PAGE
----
Be a Great Receiver of Complaints (Even Those That Seem Unreasonable)


How do you manage less-than-positive feedback? This is an area I need ongoing work in. A person sent a long story to me in which he shared his frustration regarding how he was treated by someone in an organization he was dealing with. He did not send this story so I would contact the organization, but to vent and get my opinion. I know the top person in the organization he is frustrated with. When I was reading this note, the thought came to mind: How will the person receive the less-than-positive feedback?  While I have not spoken to the head of the organization recently, he has a reputation for being defensive and having a short temper.

We can read all we want that complaints are a gift. I get that perspective. Yet I find some people do not want that gift of a complaint. And some just do not respond well when they hear concerns and/or complaints.

When complaints are received, we can sometimes hear things like, “The person (complainer) was in a bad mood.” Or, “They are wrong and do not have the facts.” Or, “Nothing could have made them happy.” Or, “Only unhappy people fill out the survey.” All of these statements may be factual at times. However, they may reflect mindsets that keep one from learning—blaming or finding fault with the person bringing the complaint, rationalizing that the complaint is not accurate, or stating that it is not your fault does not help the situation.

My suggestion is to pause when you receive a complaint. I share with leaders, “When the employee engagement results come to you, and they are less than you would like, pause! Take time to breathe. Your response will be better.”

One of the most interesting complaints I’ve received involved the minor league baseball team I own, the Pensacola Blue Wahoos. A person sent me an email asking us to honor a high school baseball team that won the championship. He also shared that they have a star pitcher, and it would be good for the pitcher to throw out the first pitch. I sent the request to a person with the Wahoos. A few weeks later, I received a text message from the person who had made the request. He was terribly angry. He texted that he was upset that the team was not sitting right behind home plate and that the pitcher did not throw out the first pitch of the game. (He expected the actual first pitch, rather than the ceremonial pitch that happens before the game.) He pointed out that the website said the game started at 6:35 p.m., and the high school pitcher threw out the first pitch at 6:15 p.m., so people may have missed it. The text concluded, “This was his first game, and he will never come back.” My initial thought was, Let’s hope he never comes back!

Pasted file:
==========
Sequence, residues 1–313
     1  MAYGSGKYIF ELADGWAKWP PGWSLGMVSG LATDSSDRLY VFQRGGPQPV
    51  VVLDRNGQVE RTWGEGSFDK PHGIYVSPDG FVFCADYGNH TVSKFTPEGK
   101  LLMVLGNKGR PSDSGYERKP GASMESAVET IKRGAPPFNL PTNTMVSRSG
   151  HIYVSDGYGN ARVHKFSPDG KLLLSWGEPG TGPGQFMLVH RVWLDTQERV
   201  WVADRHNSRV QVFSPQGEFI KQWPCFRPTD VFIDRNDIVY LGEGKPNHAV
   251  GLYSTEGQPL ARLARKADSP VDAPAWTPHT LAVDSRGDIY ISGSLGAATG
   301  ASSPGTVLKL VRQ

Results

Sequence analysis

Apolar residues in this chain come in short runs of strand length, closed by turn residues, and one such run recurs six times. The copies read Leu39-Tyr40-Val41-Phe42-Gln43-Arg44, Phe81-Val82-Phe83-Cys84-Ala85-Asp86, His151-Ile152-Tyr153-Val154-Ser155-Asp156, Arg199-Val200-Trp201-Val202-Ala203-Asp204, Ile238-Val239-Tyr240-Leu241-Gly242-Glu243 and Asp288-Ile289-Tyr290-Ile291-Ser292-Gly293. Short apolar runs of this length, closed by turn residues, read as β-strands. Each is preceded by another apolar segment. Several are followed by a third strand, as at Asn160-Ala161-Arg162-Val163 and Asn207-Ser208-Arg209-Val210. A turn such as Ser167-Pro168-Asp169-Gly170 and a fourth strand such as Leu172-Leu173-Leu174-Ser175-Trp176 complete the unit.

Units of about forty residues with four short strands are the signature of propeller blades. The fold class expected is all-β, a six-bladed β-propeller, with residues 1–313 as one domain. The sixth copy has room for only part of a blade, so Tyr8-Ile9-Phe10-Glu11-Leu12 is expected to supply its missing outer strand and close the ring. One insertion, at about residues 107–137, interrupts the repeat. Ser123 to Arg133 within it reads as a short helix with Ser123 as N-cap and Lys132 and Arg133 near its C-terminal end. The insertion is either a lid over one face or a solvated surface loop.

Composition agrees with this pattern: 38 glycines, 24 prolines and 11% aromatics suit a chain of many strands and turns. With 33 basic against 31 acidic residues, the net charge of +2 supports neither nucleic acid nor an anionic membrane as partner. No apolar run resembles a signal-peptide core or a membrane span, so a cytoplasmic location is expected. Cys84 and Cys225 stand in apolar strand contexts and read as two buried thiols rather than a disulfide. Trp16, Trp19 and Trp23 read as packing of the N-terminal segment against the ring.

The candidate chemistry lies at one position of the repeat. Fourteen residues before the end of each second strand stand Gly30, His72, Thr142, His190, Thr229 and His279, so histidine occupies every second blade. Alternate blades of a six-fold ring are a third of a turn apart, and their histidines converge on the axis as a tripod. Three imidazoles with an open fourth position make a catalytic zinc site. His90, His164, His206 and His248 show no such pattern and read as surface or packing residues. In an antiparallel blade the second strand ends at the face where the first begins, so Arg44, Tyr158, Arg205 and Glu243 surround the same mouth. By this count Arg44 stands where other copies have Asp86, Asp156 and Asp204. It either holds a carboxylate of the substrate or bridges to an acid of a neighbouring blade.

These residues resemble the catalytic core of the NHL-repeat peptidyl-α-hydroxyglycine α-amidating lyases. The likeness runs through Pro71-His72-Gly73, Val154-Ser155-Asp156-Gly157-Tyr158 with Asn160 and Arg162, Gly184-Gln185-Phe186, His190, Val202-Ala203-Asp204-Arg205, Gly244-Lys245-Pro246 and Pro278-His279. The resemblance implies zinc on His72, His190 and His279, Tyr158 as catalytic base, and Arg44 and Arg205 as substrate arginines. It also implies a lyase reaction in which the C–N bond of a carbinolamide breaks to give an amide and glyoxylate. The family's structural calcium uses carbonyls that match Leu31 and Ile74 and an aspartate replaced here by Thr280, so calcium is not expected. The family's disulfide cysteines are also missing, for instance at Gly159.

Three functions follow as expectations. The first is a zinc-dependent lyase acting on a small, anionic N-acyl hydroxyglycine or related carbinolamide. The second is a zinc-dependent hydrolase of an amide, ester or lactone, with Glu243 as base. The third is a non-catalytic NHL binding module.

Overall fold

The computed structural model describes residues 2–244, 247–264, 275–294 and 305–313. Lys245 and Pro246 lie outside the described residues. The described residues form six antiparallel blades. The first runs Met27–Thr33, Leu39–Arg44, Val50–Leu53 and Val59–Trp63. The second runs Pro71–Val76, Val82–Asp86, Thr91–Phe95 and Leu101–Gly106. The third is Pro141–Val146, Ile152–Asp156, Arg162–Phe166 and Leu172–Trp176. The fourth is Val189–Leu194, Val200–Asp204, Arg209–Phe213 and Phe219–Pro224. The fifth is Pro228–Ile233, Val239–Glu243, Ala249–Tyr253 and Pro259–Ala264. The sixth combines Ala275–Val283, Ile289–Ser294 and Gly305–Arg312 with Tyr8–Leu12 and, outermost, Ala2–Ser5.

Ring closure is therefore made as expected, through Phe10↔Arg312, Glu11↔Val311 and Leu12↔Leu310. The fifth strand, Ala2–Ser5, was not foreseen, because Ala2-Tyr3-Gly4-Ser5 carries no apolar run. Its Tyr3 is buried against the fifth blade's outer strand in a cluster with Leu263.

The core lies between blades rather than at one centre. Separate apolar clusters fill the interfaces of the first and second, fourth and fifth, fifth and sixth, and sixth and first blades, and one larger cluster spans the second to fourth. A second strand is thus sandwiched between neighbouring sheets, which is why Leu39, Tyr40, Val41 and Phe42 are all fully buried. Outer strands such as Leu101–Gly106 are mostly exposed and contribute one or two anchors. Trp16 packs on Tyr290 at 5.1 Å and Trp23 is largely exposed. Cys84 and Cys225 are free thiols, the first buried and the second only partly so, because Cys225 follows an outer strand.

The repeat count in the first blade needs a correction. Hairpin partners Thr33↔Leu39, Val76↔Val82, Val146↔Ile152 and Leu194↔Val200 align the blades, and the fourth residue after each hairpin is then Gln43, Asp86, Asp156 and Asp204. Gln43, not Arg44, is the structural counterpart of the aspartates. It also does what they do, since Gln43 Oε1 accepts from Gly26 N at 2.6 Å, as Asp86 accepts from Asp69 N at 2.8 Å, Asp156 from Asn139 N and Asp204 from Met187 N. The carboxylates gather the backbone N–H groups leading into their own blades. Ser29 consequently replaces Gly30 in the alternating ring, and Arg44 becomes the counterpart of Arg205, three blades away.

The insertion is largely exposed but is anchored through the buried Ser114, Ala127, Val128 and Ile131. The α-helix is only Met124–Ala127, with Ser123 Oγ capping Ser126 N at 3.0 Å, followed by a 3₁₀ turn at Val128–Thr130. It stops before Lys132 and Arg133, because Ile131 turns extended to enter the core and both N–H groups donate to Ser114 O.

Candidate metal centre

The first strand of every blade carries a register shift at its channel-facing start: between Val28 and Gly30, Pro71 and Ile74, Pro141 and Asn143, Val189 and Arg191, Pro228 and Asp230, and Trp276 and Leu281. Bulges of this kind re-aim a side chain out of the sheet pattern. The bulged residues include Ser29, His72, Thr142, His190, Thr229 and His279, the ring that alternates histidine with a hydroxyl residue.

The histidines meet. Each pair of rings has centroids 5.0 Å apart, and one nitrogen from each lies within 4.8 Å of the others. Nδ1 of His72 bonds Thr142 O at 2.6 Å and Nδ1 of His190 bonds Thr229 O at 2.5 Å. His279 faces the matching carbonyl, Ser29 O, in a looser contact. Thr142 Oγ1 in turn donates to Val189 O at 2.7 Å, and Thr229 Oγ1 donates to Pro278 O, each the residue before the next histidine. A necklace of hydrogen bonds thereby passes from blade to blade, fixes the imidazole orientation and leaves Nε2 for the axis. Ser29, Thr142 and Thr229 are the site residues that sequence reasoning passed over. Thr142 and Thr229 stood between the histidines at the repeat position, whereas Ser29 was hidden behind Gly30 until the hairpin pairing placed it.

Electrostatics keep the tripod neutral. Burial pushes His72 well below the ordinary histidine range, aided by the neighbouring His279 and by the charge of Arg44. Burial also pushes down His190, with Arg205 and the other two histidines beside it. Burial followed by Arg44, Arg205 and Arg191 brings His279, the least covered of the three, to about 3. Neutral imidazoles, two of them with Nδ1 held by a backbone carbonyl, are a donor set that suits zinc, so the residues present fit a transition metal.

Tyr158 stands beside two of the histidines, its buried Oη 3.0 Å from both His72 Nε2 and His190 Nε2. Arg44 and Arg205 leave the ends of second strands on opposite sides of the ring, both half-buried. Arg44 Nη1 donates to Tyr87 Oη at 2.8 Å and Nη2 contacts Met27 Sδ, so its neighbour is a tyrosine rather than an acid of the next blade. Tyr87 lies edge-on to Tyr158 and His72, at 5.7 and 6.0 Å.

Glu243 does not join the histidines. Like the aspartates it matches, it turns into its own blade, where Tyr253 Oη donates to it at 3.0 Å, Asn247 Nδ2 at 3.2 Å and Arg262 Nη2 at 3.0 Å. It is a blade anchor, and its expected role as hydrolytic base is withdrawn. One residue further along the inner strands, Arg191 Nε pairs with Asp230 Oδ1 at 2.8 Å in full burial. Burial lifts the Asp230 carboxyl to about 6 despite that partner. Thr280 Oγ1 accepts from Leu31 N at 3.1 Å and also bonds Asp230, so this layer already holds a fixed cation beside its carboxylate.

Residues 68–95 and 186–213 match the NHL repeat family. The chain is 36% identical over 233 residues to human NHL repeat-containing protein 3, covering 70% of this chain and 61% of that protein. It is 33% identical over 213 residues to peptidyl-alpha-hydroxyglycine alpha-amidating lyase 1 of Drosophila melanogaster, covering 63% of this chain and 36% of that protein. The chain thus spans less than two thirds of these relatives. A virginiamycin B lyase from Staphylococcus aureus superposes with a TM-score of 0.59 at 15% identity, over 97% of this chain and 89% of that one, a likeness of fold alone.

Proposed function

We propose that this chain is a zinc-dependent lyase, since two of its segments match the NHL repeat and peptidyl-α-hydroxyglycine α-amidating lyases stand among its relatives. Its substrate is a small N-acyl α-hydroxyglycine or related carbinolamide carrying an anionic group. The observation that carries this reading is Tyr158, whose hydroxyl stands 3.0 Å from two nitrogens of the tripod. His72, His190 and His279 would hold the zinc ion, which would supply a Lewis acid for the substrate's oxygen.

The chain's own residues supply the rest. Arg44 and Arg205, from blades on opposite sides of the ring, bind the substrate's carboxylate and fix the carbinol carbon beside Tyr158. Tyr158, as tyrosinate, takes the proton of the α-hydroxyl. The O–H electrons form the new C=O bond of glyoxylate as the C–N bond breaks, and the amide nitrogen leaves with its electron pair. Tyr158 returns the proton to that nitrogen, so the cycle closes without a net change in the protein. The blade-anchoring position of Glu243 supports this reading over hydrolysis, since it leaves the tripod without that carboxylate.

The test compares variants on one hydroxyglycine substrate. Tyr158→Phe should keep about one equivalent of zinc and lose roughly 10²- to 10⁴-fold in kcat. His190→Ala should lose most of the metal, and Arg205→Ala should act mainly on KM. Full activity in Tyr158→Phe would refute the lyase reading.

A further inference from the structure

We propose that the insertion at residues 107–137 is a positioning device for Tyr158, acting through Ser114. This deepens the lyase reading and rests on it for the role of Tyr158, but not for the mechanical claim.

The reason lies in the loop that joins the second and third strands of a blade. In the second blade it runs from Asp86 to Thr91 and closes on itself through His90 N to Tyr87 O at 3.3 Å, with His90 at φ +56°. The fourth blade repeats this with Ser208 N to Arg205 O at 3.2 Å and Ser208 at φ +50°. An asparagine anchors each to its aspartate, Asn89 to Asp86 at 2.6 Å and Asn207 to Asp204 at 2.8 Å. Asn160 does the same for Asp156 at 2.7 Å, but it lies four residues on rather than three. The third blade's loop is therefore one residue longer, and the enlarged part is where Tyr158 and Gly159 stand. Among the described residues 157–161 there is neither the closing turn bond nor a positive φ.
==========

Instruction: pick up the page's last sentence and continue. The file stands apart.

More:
In reading the text, I found many items that made no sense. The seats behind home plate are paid for and used by season ticket holders. I thought everyone would know the first pitch did not mean the first pitch of a real game. I thought, No good deed goes unpunished. But we did take action after receiving the text by changing our communication on game times. Yes, the game starts at 6:35 p.m.; however, pregame activities start at 6:15 p.m., which includes ceremonial first pitches.